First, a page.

People said that some of the whiskey you got on the frontier - “squirrel whiskey,” one of its names - tasted fine. For years it was easier to find good whiskey there than good coffee. A traveler to Ohio and Indiana in 1827 reported that whiskey was drunk like water. An Indiana county history says that in those days people thought it was impossible for a man to work in the harvest field without the use of whiskey. People drank it from bowls, teacups, and gourds. Most preferred to take it straight, or “barefoot.” It was watered down and given to children. Schoolteachers were paid in it. Lake schooners were christened with jugs of it. Before elections, candidates for public office often left barrels of it in their names for customers at groceries to help themselves. It entered the most casual social encounters. Etiquette required that a person drink, wipe the mouth of the jug himself or herself, then pass. This may sound raffish and fun, but for many of the children who watched the effect of whiskey on their parents, it wasn't. The first generation to grow up on the frontier produced tens of thousands of anti-liquor reformers...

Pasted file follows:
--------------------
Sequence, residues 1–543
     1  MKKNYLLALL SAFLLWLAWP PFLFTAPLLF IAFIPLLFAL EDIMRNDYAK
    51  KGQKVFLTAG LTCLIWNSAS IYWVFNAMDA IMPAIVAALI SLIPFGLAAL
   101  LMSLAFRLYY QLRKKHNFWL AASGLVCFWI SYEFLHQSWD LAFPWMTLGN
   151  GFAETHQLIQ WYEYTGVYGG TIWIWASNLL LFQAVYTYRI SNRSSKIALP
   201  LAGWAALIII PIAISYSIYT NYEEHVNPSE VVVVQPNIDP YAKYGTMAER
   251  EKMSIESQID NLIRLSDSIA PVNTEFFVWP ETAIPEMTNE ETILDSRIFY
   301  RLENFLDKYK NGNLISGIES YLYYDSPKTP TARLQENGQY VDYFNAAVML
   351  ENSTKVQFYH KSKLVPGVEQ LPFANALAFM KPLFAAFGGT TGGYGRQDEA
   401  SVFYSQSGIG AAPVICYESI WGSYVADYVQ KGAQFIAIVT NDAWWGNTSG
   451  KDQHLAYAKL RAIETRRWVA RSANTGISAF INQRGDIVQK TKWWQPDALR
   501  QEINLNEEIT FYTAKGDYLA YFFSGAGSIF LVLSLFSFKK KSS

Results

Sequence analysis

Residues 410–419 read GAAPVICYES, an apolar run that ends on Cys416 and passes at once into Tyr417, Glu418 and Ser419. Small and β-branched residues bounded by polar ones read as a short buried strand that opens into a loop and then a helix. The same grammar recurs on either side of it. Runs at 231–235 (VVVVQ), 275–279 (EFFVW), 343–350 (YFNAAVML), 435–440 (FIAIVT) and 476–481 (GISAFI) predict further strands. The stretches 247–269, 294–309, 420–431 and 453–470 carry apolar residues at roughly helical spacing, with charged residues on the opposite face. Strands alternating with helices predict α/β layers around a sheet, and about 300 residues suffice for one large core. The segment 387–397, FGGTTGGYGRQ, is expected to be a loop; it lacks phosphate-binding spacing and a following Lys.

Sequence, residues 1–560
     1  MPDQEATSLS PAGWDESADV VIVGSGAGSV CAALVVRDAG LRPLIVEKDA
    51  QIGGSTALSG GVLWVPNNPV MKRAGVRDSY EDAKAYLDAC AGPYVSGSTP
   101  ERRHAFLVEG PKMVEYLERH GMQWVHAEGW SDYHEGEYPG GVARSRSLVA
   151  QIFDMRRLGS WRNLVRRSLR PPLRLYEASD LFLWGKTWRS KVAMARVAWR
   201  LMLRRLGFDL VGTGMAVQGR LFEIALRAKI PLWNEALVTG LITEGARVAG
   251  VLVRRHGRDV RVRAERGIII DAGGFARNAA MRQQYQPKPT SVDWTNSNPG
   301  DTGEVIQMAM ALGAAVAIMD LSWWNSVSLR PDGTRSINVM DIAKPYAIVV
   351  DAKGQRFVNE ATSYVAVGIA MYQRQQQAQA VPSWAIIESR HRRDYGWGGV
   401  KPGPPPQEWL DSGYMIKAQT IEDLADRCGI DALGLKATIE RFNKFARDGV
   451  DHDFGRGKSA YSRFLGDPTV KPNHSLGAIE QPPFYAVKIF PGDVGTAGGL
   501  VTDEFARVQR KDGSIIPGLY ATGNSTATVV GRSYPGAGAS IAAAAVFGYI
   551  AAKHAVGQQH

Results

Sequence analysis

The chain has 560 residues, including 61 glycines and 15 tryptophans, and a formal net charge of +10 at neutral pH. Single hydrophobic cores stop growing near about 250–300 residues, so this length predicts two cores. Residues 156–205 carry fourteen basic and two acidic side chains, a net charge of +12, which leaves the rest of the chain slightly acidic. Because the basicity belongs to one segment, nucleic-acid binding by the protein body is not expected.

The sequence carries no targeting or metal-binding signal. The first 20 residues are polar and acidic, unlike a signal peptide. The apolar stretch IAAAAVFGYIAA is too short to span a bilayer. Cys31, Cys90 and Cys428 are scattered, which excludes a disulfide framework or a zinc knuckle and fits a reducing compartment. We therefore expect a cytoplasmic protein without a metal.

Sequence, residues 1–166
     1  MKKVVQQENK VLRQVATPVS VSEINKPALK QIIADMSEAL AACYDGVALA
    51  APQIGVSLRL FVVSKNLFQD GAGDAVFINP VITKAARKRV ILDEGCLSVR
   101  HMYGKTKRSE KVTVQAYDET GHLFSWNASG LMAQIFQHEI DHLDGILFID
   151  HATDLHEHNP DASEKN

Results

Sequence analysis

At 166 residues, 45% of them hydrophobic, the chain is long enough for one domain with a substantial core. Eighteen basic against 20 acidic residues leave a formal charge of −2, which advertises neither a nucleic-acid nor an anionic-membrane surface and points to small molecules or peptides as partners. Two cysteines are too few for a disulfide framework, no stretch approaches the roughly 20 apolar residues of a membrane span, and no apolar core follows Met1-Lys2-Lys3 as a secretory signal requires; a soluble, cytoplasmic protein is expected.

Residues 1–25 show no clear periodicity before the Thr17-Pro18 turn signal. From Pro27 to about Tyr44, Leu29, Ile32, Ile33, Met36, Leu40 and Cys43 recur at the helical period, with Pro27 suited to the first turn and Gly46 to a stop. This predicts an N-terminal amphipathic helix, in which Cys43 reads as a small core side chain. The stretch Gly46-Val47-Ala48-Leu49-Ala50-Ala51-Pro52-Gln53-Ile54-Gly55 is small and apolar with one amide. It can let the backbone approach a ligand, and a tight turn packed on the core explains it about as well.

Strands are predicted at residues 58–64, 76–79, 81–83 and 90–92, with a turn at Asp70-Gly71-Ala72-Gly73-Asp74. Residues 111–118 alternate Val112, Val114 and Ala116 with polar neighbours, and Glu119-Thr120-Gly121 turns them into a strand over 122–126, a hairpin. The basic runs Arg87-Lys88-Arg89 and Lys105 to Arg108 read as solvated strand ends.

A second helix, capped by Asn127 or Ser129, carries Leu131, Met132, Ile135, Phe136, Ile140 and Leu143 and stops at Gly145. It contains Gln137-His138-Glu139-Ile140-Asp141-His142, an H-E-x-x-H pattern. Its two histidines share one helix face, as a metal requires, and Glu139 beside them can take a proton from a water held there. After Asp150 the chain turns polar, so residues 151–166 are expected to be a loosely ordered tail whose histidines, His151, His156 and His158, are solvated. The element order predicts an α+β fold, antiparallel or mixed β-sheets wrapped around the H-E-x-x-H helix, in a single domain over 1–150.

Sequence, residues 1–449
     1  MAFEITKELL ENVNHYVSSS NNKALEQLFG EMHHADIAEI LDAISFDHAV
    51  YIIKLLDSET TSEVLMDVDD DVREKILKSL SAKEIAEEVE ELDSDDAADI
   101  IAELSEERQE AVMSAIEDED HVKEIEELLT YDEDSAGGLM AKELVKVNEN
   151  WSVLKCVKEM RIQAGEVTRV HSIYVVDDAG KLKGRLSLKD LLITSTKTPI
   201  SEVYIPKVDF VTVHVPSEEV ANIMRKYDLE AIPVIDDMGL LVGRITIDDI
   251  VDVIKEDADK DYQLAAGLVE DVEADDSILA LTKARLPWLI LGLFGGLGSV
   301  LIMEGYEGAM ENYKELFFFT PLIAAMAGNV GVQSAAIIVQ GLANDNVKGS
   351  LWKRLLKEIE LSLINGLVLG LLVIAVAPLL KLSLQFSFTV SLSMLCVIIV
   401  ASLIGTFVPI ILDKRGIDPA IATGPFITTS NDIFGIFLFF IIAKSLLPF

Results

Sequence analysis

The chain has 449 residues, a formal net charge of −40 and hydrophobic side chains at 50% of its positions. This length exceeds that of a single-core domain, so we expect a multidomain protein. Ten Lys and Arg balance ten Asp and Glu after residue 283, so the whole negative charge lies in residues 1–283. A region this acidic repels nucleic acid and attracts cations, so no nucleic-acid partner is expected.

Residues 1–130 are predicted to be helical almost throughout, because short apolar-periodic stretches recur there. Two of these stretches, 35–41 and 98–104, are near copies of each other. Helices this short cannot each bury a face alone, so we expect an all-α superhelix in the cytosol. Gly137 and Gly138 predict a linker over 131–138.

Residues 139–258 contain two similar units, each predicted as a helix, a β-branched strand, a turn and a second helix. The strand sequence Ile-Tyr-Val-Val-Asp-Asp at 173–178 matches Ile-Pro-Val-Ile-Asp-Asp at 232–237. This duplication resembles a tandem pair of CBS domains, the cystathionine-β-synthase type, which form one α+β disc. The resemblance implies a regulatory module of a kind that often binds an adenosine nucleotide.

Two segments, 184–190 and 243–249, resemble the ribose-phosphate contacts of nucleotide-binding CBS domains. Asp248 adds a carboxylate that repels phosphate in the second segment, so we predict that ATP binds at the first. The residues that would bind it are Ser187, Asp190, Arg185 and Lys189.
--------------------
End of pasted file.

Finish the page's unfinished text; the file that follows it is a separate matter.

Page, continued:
Perhaps this is how it was for the Clarks. When I recall my grandparents and great grandparents on the Clark side, I can't remember alcohol even being discussed, much less any evidence of it in their households. They seem to me, not too far removed, in time and spirit, from the second frontier generation whose cause blossomed into a nation-wide movement that eventually begot Prohibition in 1919.

In the first decade in Ohio, Clark and Lane gathered the money needed to legally acquire their land. In 1799 William Henry Harrison, the future President, had been selected to represent the Northwest Territory in the U. S. House of Representatives. Before this time, only speculators and an elite few could afford land in most of the Ohio Country. Harrison's goal was to make land in the territory more affordable for the common man. In 1800 he pushed through the Harrison Land Act, which went a long way toward fulfilling this aim. Under this act, the cost for a half section of land, consisting of 320 acres, was set at two dollars an acre, plus surveying and land office fees. A $330.00 down payment was expected and the rest was divided into four payments. This was a considerable amount of currency in a frontier economy driven by barter, not money.